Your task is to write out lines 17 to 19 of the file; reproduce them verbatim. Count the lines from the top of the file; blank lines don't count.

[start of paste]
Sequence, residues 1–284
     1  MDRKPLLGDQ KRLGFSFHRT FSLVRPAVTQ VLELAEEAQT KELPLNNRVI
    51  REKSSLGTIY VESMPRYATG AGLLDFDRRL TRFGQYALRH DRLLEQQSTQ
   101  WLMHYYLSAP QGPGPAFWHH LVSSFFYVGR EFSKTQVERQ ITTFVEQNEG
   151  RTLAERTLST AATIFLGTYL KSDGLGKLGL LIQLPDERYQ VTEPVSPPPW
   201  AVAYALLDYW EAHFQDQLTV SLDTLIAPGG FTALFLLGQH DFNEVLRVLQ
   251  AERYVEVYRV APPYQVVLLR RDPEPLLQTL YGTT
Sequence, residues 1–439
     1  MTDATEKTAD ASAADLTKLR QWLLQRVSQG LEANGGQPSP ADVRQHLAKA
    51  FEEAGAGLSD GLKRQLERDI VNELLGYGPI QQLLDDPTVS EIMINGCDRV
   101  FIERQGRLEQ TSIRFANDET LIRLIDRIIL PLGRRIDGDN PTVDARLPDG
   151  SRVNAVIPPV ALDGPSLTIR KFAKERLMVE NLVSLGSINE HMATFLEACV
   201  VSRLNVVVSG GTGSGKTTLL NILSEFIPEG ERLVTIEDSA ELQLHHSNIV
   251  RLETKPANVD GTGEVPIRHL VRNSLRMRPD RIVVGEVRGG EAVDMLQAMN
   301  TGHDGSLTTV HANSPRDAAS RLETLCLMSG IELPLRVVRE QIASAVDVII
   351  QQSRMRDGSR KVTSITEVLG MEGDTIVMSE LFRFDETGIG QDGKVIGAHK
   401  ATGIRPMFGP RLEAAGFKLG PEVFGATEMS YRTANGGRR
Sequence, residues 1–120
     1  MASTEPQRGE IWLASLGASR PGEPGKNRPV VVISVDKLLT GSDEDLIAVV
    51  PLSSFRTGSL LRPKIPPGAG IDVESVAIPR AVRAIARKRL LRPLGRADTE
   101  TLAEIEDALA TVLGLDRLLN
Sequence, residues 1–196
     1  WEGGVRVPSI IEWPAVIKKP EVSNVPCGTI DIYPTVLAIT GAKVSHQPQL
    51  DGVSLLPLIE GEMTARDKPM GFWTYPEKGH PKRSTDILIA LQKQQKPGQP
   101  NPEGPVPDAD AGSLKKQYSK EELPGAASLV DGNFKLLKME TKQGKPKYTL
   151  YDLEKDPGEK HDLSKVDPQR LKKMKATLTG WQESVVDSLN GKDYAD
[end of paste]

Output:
   401  ATGIRPMFGP RLEAAGFKLG PEVFGATEMS YRTANGGRR
Sequence, residues 1–120
     1  MASTEPQRGE IWLASLGASR PGEPGKNRPV VVISVDKLLT GSDEDLIAVV